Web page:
2. 2. Electronic Journal of Knowledge Management Volume 7 Issue 2, (199 - 210) called “enabling context” or “enabling conditions”, among others; (ii) a conceptual model or map can be formulated based on three basic conceptions: (a) a strategic conception of information and knowledge, factors of competitiveness for organizations and nations; (b) the creation of an organizational space for knowledge or the enabling context – the favorable conditions that should be provided by organizations in order for them to use the best information and knowledge available; (c) the introduction of such strategy in the tactical and operational levels through the several managerial approaches and information technology tools, which are susceptible to communication and orchestration. The results of such study will be presented in this paper. 2. Knowledge management: Models, maps and conceptual trials A conceptual KM model or map can be formulated based on three basic conceptions: (i) a strategic conception of information and knowledge - as proposed by CHOO (1998) - factors of competitiveness for organizations and nations; (ii) the creation of an organizational space (in the tactical level) for knowledge, the enabling context or “Ba”: the favorable conditions that should be provided by organizations in order for them to use the best information and knowledge available - as suggested by VON KROGH, ICHIJO & NONAKA (2001); (iii) the introduction of such strategy in the operational level through the several managerial approaches and information technology tools, which are susceptible to communication and orchestration, metaphorically named here as a “KM conceptual umbrella”; 2.1 A strategic conception for information and knowledge in organizations CHOO (1998) asserts that the “knowing organizations” are those that use information strategically in the context of three arenas, namely, (a) sense making, (b) knowledge creation and (c) decision making. Concerning (a) sense making, its immediate goal is to allow the organizations’ members the construction of a mutual and shared understanding of what the organization is and what it does. Strategic reflections must be done concerning the organization’s mission, vision, values and culture, allowing its members to bring meaning to their lives and jobs. An ambitious and challenging vision or state of the future reveals the organization’s intention and it is extremely valuable, contributing to communicate the types of knowledge that are welcomed and will be nurtured. Sense making’s long term goal is the warranty that organizations will adapt and continue to prosper in a dynamic and complex environment through activities of prospect and interpretation of relevant information that allow them to understand changes, trends and scenarios about clients, suppliers, competitors and other external environment actors. Organizations face issues such as the reduction of uncertainty and the management of ambiguity. Competitive, competitor and social intelligences, environmental scanning, marketing research and activities alike are organizational initiatives that aim at constructing meaning about issues for which there are no clear answers. TABLE 1 presents the organizational sense making process through an information perspective: Table 1: The sense making process (adapted from CHOO, 1998) Information Needs Information Seeking Information Use What are the new trends in our industry? What are the core competences of our competitors? What do our clients value? Environmental scanning Information systems Researches Reduction of uncertainty and management of ambiguity: collective interpretation Shared knowledge construction Decision Making (b) Knowledge creation is a process that allows an organization to create or acquire, organize and process information in order to generate new knowledge through organizational learning. The new knowledge generated, in its turn, allows the organization to develop new abilities and capabilities, create new products and new services, improve the existing ones and redesign its organizational processes. TABLE 2 supplies an analogy between knowledge creation models and permits inferences between their differences and likenesses. www.ejkm.com 200 ©Academic Conferences Ltd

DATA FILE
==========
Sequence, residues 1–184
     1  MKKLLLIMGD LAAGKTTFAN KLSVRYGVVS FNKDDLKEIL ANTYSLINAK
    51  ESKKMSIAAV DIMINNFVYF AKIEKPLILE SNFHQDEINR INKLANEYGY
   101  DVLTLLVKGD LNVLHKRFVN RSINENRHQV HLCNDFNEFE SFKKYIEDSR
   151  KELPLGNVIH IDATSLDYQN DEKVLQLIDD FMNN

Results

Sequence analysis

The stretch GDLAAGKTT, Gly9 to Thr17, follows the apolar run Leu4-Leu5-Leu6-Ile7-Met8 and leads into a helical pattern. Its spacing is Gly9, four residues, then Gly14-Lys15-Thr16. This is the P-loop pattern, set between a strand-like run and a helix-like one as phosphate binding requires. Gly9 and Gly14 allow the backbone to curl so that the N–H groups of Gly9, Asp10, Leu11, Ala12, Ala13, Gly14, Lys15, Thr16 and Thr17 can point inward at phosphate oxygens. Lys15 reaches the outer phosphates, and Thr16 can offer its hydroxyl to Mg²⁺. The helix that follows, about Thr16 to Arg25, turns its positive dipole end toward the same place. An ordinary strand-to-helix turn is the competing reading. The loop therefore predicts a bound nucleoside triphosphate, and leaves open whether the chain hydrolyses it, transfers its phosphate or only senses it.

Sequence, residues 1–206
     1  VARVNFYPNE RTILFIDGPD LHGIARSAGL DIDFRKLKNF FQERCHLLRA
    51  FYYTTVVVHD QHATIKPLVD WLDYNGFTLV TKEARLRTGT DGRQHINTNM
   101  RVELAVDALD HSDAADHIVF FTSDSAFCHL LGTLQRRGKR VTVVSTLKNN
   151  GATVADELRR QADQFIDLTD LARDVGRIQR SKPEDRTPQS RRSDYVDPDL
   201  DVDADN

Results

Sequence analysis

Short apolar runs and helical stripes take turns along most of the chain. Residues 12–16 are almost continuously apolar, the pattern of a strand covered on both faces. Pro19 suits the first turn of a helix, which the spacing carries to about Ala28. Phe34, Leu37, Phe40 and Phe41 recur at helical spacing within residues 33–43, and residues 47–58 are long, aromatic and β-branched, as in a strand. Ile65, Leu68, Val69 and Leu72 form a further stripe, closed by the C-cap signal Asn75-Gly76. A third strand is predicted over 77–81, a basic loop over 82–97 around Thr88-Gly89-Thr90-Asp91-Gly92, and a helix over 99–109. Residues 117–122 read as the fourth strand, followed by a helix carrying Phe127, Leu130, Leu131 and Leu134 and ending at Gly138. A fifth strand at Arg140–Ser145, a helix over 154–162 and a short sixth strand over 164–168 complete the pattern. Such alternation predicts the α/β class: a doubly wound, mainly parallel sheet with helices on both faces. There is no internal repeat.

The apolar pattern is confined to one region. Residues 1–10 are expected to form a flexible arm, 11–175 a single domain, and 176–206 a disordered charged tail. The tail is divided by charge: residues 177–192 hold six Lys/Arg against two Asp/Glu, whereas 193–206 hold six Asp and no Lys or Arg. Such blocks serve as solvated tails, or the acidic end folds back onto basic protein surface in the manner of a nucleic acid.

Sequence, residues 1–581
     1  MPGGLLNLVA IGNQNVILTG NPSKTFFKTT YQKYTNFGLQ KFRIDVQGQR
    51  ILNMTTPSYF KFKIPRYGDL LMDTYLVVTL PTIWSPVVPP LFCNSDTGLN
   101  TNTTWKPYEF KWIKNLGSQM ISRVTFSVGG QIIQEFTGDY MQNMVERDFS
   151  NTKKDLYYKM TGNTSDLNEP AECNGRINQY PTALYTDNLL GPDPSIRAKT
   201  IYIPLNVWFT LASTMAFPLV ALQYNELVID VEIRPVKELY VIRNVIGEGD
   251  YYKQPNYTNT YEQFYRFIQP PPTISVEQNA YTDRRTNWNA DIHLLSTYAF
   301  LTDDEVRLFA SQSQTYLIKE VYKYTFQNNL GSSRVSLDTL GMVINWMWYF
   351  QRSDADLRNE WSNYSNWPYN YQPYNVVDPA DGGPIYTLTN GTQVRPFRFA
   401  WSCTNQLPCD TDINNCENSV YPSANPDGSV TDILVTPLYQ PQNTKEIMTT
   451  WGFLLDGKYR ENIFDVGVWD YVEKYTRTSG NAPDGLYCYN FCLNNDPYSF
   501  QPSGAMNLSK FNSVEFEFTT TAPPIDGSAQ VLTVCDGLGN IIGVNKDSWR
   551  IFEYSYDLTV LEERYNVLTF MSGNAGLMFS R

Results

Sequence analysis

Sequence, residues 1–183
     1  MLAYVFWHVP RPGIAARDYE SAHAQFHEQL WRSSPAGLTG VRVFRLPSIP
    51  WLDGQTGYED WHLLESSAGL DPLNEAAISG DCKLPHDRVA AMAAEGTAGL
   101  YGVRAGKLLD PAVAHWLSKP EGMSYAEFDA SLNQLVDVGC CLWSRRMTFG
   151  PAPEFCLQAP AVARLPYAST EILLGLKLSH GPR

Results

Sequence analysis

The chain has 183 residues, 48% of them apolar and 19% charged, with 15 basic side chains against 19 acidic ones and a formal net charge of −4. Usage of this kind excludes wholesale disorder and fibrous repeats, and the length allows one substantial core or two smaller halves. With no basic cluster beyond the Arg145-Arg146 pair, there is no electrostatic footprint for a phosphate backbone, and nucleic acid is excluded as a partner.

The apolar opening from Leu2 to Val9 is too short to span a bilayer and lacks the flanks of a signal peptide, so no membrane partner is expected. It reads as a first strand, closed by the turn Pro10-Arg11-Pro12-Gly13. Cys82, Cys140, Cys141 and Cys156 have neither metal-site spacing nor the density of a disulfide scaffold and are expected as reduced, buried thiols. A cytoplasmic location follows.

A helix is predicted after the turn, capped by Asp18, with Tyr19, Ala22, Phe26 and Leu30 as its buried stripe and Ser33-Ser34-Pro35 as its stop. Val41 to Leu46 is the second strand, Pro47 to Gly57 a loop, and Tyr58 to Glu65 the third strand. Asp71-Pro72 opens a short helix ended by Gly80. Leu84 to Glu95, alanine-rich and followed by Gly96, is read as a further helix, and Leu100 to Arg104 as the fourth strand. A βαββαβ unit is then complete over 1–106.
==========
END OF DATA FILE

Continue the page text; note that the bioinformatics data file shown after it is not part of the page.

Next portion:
3. 3. Rivadávia Correa Drummond de Alvarenga Neto and Rogério Salles Loureiro Table 2: Knowledge creation processes (CHOO, 1998, p.130) KNOWLEDGE PROCESSES (WIKSTRÖM & NORMANN 1994) KNOWEDGE CREATION PHASES (NONAKA & TAKEUCHI 1995) KNOWLEDGE-BUILDING ACTIVIES (LEONARD-BARTON 1995) Generative Processes: Generating new knowledge Sharing tacit knowledge ---------------------------------------------- Creating concepts Shared problem solving Experimenting and prototyping KNOWLEDGE PROCESSES (WIKSTRÖM & NORMANN 1994) KNOWEDGE CREATION PHASES (NONAKA & TAKEUCHI 1995) KNOWLEDGE-BUILDING ACTIVIES (LEONARD-BARTON 1995) Productive Processes: operationalizing new knowledge Justifying concepts Building an archetype Implementing and integrating new processes and tools Representative Processes: Diffusing and transferring new knowledge Cross-levelling knowledge Importing knowledge The third component of CHOO’s (1998) model involves (c) decision-making. The firm must choose the best option among those that are plausible and presented and pursue it based on the organization’s strategy. Decision making process in organizations is constrained by the bounded rationality principle, as advocated by MARCH & SIMON (1975). Many inferences can be made upon the decision theory, CHOO (1998) and also MARCH & SIMON (1975) list a few of them: the decision making process is driven by the search for alternatives that are satisfactory or good enough, rather than seeking for the optimal solution; the choice of one single alternative implies in giving up the remaining ones and concomitantly in the emergence of trade-offs or costs of opportunity; a completely rational decision would require information beyond the capability of the organization to collect, and information processing beyond the human capacity to execute. 2.2 The creation of an organizational space for knowledge, the enabling context or “Ba” The creation of organizational knowledge is, in fact, the augmentation of knowledge created by individuals, once fulfilled the contextual conditions that should be supplied or enabled by the organization. This is what VON KROGH, ICHIJO & NONAKA (2001) call “Ba”, enabling conditions or enabling context. “Ba” is needed in the tactical level in order to bridge the existing gap between strategy and action. In this context, the understanding of the word “management” when associated with the word “knowledge” should not mean control, but promotion of activities of knowledge creation and sharing in the organizational space. Hence, KM assumes a new hermeneutic perspective – from knowledge as a resource to knowledge as a capability, from knowledge management to a management towards knowledge, from knowledge management to a management from and to knowledge. NONAKA & TAKEUCHI (1995) and VON KROGH, ICHIJO & NONAKA (2001) list the many elements of “Ba”, namely: creative chaos, redundancy, layout, organizational culture and human behaviour, leadership, intention or vision of future and empowerment, not to mention organizational structure and layout, among others. 2.3 The “KM Conceptual Umbrella” metaphor The “KM Conceptual Umbrella” metaphor assumes that below its boundaries, many themes, ideas, managerial approaches and IT tools concerning information and knowledge in the organizational context are addressed and susceptible to communication and orchestration. It’s imperative to highlight a few of them, such as, ‘strategic information management’, ‘intellectual capital’, ‘organizational learning’, ‘competitive intelligence’ and ‘communities of practice’. It’s exactly the interrelation and permeability between those many themes that enable and delimitate the upbringing of a possible theoretical framework which can be entitled “knowledge management”. Feedback is achieved by classifying the themes below the “KM conceptual umbrella” in the model proposed by CHOO (1998). Competitive intelligence and environmental scanning are initiatives – managerial approaches and IT tools - that drive the strategic concept sense making into action. That is, sense making is a strategic www.ejkm.com 201 ISSN 1479-4411